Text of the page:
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China to address India's concern over trade deficit

China has agreed to send frequent buying missions to India to diversify its import basket from the country.

world Updated: Jan 14, 2008 13:09 IST
VS Chandrasekar and Raghavendra
VS Chandrasekar and Raghavendra

China has agreed to send frequent buying missions to India to diversify its import basket from the country in the backdrop of New Delhi's concern over burgeoning trade deficit which crossed $9 billion last year in Beijing's favour.

India also wants to diversify the basket of exports to China by including fruits and vegetables and sought access to its aviation and entertainment sectors and removal of technical and non-tariff barriers specifically in pharmaceutical sector, Commerce Minister Kamal Nath told reporters.

The assurance on buying missions was given to Nath by his counterpart Chen Deming during a meeting on the sidelines of Prime Minister Manmohan Singh's three-day visit.

During the parleys, Nath expressed concern over the growing trade deficit and raised many issues that were restricting Indian exports to the communist giant.

"Mr Chen clearly recognised that such a large trade imbalance is not desirable and sustainable. He offered to send buying missions to India frequently to promote a more diversified basket of exports from India to China," Nath said.

He said he had requested CII and the FICCI to host these promised missions and find suitable niche areas where India had core competency with globally competitive edge.

The Indian concerns arise from the fact that the current bilateral trade that stood at over $38 billion and the trade deficit was significantly in favour of China.

India has told China there was no China-specific restrictions on investments in India due to security concerns. Nath also took up with his counterpart many issues related to Indian businesses' access to Chinese market. Beijing's restraining policy on export of coking coal to India for the steel industry was specifically raised. The huge cess on coking coal and hiking of the price for Indian buyers was also raised. There was no such cess in 2005 and today it was as high as 25 per cent.

It was pointed out that India was supplying iron ore to China at an export duty realisation of only one per cent. "We lowered this duty at their request and it is now for the Chinese side to reciprocate in the area of coking coal. Our steel industry is asking for a 40 per cent allocation of coking coal exports for India as China had done for the EU sometime earlier," he said.

On diversification of Indian export basket, Nath said India had permission for export of only three from the agreed list of 17 fruits and vegetables and hoped that Chinese government would expedite the issues of quarantine and other required permissions to allow more exports to China.

India also raised the issue of investment in the restricted aviation and entertainment sectors in China. The Indian private airlines were ready to fly directly to China and use Chinese airports as hubs for onward flights to the US and other countries. This would stimulate people-to-people contact and strongly promote tourism between the two countries.

"I am hoping that this proposal will be accepted within the framework of a progressive aviation sector understanding signed a few years ago," he said. Nath also discussed the downlinking of Indian broadcast channels in China. India has allowed Chinese channel CCTV to downlink in India.

Similarly, China is prepared to allow Zee TV landing rights in China, he said, noting that it would help the people to know each other's culture and practices.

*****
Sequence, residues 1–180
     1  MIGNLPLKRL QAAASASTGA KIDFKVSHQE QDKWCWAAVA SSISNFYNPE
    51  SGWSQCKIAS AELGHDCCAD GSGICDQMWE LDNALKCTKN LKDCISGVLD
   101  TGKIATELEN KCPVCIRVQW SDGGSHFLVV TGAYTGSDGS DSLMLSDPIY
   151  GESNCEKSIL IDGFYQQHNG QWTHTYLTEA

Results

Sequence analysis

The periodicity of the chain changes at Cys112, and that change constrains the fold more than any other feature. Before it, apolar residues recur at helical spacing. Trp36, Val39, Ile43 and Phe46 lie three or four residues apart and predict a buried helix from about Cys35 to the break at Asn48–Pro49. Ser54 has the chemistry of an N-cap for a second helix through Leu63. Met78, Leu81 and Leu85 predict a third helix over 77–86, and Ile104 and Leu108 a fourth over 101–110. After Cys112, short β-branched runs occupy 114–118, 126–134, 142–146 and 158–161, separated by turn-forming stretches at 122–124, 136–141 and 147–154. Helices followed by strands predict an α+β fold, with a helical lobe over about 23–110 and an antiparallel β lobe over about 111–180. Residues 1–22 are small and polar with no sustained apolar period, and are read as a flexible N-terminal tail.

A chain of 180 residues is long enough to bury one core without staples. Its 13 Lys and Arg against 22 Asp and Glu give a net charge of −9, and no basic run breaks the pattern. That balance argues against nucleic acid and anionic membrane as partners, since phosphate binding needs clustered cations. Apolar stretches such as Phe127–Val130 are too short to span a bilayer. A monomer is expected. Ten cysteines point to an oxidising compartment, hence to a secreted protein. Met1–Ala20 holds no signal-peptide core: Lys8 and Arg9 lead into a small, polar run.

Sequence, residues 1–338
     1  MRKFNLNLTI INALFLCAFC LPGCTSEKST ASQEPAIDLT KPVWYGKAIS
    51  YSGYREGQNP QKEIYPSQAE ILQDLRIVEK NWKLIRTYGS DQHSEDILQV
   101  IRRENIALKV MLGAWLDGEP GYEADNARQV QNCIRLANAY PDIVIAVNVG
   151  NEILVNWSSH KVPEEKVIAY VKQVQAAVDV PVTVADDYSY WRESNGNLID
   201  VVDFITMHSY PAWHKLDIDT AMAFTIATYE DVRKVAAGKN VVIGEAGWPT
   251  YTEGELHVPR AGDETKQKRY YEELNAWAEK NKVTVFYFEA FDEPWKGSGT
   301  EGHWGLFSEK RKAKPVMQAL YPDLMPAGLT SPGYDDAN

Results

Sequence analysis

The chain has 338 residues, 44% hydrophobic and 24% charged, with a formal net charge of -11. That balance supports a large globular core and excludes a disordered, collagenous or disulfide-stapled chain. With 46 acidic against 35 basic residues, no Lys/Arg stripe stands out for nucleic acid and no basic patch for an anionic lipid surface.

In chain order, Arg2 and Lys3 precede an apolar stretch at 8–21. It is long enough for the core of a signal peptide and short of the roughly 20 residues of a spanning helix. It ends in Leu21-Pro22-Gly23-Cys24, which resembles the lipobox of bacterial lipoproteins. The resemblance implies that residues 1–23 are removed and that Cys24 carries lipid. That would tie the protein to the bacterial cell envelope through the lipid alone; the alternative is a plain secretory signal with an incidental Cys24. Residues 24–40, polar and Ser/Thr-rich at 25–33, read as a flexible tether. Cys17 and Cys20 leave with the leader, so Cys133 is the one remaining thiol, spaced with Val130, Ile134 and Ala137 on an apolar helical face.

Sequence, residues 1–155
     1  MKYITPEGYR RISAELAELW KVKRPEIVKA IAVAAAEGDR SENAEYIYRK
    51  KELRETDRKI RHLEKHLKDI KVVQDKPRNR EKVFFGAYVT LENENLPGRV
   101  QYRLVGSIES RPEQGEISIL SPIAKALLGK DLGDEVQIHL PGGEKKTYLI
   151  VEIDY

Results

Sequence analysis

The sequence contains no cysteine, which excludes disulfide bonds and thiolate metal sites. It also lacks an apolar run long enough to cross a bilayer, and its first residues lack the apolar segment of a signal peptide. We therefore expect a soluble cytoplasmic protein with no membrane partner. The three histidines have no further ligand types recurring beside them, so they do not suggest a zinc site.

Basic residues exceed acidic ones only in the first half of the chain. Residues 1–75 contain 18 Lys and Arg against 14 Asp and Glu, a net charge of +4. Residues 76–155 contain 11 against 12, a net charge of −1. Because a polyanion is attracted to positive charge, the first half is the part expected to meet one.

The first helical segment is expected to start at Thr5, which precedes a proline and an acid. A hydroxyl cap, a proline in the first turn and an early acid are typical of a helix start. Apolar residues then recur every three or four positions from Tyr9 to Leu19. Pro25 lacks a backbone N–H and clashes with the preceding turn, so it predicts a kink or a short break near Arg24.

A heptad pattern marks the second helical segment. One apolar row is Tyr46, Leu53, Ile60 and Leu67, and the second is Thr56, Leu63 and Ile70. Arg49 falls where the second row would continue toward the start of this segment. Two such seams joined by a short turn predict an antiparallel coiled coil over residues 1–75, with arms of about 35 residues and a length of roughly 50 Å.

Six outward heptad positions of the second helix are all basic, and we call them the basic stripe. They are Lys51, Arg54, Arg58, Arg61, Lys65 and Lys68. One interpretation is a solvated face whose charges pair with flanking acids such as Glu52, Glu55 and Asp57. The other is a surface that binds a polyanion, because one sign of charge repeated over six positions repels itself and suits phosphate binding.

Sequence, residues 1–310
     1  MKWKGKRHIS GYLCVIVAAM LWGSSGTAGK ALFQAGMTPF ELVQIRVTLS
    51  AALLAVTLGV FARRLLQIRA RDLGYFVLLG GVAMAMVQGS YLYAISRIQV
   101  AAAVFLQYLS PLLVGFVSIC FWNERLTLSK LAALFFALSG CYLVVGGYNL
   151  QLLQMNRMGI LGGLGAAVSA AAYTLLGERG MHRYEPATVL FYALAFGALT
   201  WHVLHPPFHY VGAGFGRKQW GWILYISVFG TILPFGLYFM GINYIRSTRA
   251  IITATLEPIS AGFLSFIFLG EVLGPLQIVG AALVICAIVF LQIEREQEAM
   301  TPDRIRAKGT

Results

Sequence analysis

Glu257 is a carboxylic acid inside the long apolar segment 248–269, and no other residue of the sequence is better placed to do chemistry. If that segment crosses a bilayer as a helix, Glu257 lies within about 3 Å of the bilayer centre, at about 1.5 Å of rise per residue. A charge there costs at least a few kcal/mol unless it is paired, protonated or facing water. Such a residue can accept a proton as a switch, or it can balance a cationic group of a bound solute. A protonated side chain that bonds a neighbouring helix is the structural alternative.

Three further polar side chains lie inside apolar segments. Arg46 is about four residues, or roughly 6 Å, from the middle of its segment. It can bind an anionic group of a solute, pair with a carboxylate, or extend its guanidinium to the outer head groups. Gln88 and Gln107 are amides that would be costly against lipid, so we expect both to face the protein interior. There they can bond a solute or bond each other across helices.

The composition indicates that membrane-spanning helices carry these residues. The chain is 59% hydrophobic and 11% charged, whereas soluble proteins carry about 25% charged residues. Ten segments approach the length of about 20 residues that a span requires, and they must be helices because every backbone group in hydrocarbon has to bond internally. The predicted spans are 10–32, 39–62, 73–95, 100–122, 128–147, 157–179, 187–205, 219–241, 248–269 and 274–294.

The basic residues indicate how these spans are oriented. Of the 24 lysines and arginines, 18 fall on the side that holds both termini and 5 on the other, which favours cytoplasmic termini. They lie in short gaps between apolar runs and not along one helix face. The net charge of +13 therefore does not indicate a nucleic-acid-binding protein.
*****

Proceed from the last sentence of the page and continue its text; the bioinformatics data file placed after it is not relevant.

"I am hoping that this market access proposal will be accepted and in turn will strengthen our cultural understanding of each other. It will also open up the Chinese market for our content services, animation, gaming and special effects in the future," he said.

Nath said he took up the issue of regulatory structures in China in many areas which "sometimes tantamount to Non-Tariff barriers". Citing the case of pharmaceutical industry, he said it takes three to four years in registering a pharmaceutical drug in China which was a major hindrance to Indian exports.

"Frequent changes in rules and regulations across the trading space was another major hindrance to Indian exports and investment capabilities," Nath said and called for a focus on investment in the two nations.

"We have very little investment as of now in each other's countries," the Minister said. Nath said an India-China business summit amounted to a "global summit" because 40 per cent of the world's consumers were represented in this event.

The two nations were looking for investment not just on each other's soil but in third countries in Africa and Latin America as they have now emerged as the engines of growth, unfazed by western fears of global economic slow down and problems like sub-prime crisis in the US.

He said trade deficit between India and China per se was not a worrying factor but if it persisted and increased then it had to be addressed. The Chinese minister told the Indian Minister that they were conscious of the issue and were addressing it.

Inviting Chinese investment in Indian infrastructure, Nath said China has offered India that it could use the infrastructure created by it for the Olympics being held in Beijing in August.

This could be used for the benefit of the Commonwealth Games to be hosted in Delhi in 2010. To a question on increasing the number of points for border trade, he said the issue was being dealt with at the official level. Both India and China have exchanged the lists on the points to be increased.

China has also proposed a partnership with India in the hydro-electric sector in which India has a lot of potential. Beijiing plans to increase its dependence on renewable energy from 6 to 20 per cent. This cooperation could be extended to third countries also.